If you have an aging loved one such as a parent or grandparent, you may be wondering how they will continue to care for themselves as they continue to age. While some seniors live at home and care for themselves, others no longer have the skills necessary to survive on their own. If your loved one is getting older, check out these three options for senior care living so you can determine the right one for your family member or friend.
Ideally, your loved one can stay at home for the rest of their lives, even if they can't fully care for themselves. This is known as home care, and it is excellent for nearly any elderly patient. Depending on the overall physical and mental health of your loved one, they may need someone to help with day-to-day tasks, such as cooking, bathing, getting dressed, taking medicine, etc. However, other patients may only need assistance for a few hours a day or once a week.
The biggest benefit of choosing home care for your loved one is the comfort. Moving anyone out of their familiar setting can be disorienting, but for older people, being forced to move may affect their mood, leading to depression and feelings of helplessness or worthlessness. By keeping your loved one in their home or your home, you can ease their transition into their elderly years without as much stress or confusion. The downside to home care is that it can be expensive, and there may not be anyone with your loved one at all times, so it may not be best if your loved one needs round-the-clock care.
To learn more about this option, contact companies like Tender Care, Inc.
Assisted living communities vary drastically from one community to the other because there are so many types. Many of them, however, come in apartment or condo styles, and your loved one may or may not own the unit. Depending on the level of care provided, there may be a full staff on call to help with daily tasks, such as cooking and cleaning, but they do not regularly check on patients as often as in nursing homes.
Patients in assisted living homes are usually quite independent, but they need or want the luxury of having assistance available when needed. With assisted living, however, your loved ones are immersed in a society designed for seniors. Therefore, they can interact with other seniors who share the same likes and experiences. Many assisted living facilities also offer activities and events to keep people active and happy. There may be strict rules, such as no pets or smoking, and assisted living facilities are usually expensive.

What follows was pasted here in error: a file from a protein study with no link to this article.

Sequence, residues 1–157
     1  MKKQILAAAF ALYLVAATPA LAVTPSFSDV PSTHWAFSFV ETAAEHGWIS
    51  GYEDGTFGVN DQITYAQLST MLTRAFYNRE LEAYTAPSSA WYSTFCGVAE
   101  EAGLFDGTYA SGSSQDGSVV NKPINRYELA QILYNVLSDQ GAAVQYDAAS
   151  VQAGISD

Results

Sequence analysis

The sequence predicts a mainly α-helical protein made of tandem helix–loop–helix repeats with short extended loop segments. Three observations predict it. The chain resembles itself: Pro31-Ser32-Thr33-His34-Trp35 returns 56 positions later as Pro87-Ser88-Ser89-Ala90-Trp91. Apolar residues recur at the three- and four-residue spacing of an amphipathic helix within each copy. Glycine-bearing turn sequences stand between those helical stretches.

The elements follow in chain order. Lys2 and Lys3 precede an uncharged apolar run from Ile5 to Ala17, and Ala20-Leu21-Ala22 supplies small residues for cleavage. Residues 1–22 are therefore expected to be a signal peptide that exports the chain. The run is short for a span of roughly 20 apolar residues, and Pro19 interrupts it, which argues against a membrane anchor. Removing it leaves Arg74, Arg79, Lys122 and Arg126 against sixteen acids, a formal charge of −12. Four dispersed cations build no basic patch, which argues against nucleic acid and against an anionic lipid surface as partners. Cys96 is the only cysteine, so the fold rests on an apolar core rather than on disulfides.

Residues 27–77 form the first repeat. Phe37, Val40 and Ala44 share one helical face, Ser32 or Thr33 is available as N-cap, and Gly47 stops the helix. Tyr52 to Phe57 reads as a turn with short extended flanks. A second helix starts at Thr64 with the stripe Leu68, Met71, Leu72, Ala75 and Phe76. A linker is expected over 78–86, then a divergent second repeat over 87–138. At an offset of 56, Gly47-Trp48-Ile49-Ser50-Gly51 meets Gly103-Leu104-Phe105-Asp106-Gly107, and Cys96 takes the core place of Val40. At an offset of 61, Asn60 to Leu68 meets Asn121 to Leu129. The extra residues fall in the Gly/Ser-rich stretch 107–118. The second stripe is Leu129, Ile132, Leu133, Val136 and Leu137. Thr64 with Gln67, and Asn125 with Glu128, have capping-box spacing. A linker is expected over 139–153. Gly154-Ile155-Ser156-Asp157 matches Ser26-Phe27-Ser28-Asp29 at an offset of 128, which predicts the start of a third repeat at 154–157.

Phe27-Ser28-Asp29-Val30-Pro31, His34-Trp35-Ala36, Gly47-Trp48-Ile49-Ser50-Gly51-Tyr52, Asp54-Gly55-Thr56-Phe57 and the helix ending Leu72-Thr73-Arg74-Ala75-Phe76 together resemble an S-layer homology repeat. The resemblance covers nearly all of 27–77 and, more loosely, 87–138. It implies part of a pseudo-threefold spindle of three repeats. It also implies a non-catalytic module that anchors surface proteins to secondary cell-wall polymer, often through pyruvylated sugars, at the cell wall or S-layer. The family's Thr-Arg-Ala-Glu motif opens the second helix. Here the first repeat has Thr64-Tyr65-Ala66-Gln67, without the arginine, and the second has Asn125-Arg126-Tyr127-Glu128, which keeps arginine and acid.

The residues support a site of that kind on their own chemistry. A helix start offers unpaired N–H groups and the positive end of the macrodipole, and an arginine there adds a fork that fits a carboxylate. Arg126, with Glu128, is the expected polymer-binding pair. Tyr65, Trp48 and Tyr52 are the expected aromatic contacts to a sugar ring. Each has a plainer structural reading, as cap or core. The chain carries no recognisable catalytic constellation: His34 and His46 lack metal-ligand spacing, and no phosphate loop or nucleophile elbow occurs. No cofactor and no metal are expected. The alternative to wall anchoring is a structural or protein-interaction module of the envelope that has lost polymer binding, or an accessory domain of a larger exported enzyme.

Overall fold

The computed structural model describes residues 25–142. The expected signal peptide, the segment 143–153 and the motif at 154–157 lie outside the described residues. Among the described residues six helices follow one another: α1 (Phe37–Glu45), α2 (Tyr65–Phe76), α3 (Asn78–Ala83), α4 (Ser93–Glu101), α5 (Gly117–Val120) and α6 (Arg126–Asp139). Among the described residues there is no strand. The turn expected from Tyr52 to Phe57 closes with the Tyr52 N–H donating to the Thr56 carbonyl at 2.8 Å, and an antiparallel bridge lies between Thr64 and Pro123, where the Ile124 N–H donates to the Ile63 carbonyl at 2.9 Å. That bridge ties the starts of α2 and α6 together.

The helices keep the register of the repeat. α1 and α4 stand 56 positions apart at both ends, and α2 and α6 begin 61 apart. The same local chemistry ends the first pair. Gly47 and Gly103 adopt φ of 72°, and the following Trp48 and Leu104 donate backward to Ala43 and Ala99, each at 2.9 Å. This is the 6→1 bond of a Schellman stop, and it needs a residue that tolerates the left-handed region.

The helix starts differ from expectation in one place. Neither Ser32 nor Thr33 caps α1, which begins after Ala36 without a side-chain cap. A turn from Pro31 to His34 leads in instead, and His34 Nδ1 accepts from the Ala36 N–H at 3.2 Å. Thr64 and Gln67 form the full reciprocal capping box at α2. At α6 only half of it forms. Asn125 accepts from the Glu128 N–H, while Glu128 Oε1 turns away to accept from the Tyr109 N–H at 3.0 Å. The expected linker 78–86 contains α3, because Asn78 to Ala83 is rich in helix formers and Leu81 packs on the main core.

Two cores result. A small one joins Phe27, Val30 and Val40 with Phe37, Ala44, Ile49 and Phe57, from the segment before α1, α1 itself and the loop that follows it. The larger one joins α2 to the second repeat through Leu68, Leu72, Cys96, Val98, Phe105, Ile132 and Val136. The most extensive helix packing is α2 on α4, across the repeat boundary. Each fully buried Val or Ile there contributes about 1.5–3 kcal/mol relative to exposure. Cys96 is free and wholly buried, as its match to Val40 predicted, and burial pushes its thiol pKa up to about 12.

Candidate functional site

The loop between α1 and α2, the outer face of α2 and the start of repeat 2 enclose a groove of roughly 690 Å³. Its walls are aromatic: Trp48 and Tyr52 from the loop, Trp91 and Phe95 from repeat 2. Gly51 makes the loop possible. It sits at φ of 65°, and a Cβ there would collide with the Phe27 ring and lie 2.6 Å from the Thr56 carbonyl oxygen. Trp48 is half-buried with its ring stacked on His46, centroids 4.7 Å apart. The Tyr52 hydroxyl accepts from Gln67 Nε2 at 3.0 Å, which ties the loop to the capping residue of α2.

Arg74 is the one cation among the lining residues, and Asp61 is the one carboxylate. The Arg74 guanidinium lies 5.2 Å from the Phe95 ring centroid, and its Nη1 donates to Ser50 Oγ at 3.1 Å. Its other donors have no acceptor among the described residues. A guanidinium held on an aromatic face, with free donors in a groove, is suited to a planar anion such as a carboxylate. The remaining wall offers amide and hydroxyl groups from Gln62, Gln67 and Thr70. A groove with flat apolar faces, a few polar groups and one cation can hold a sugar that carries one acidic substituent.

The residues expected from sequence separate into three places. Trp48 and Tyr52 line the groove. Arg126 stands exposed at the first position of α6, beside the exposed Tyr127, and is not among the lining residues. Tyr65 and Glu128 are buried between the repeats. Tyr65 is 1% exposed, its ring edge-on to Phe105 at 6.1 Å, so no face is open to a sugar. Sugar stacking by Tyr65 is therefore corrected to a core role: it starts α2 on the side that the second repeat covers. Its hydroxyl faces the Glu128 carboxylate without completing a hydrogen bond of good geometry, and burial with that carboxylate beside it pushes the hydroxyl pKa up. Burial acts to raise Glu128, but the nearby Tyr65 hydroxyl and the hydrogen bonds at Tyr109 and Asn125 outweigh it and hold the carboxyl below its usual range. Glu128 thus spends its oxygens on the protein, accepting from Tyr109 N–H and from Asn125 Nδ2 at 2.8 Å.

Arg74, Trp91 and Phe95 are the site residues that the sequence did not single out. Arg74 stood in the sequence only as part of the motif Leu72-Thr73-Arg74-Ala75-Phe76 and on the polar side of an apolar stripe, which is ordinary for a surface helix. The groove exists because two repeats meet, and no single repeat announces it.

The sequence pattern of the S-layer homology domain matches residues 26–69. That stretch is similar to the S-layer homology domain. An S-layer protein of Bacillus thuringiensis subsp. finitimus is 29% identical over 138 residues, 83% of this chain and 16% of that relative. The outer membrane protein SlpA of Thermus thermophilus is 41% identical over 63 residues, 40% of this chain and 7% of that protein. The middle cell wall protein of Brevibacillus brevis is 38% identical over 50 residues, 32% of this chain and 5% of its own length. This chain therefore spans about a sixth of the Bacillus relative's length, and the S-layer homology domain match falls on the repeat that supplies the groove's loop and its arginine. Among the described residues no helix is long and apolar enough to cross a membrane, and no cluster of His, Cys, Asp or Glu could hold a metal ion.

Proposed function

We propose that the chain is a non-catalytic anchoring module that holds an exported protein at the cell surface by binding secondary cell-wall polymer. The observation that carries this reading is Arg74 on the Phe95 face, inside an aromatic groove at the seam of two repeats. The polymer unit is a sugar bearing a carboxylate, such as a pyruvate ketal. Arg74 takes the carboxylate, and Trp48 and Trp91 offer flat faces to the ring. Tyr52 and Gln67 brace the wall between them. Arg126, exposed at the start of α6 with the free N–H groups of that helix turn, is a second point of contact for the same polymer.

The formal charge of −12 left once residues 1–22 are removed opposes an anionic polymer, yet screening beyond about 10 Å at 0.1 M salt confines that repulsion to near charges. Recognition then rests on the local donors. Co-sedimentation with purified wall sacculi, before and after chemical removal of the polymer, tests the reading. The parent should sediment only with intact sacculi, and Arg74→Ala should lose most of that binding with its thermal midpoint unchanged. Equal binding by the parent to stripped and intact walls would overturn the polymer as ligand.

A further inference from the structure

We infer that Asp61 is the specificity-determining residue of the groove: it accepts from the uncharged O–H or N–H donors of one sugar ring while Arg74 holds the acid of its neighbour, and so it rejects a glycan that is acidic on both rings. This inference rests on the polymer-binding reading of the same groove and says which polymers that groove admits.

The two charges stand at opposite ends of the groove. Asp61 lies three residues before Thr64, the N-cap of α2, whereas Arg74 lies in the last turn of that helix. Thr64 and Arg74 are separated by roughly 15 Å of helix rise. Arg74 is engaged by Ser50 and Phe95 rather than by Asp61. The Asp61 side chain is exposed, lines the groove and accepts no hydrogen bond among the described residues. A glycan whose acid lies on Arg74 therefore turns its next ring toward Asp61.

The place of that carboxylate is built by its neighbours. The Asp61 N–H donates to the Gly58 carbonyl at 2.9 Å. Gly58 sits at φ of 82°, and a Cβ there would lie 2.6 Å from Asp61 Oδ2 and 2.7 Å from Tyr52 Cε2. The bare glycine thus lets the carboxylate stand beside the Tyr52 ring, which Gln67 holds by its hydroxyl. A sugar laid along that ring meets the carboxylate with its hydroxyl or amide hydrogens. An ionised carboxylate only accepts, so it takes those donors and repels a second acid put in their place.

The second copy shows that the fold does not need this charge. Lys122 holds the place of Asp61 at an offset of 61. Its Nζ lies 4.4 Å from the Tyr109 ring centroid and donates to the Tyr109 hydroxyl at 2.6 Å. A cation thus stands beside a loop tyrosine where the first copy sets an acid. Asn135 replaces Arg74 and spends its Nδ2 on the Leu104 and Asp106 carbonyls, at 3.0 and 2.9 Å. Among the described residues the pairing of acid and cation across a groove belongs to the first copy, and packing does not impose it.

Nursing homes are where you send loved ones who need a lot of assistance. The quality and services provided varies from nursing home to nursing home, but they all tend to look and feel more like a hospital than a home. Activities are usually still provided, but many patients may be unable to attend. Depending on the type of nursing home and how much you can afford, your loved one may have their own room, but most nursing home rooms are not mini-apartments as with assisted living homes.
The biggest benefit of a nursing home is the care. Patients who live in nursing homes often need help with most tasks, such as eating. At nursing homes, nurses and CNAs work around the clock to help ensure patients are comfortable, happy, and healthy. The downside, however, is that the home can affect your loved one's mood because of the hospital-like atmosphere. If your loved one is incapable of caring for themselves at all, then a nursing home is likely the best place.
As your loved one ages, they may no longer be able to care for themselves completely. Depending on how much help they need, however, they may be able to remain at home. If you are ready to discuss senior living options, get started today by finding an assisted living or in-home care provider today.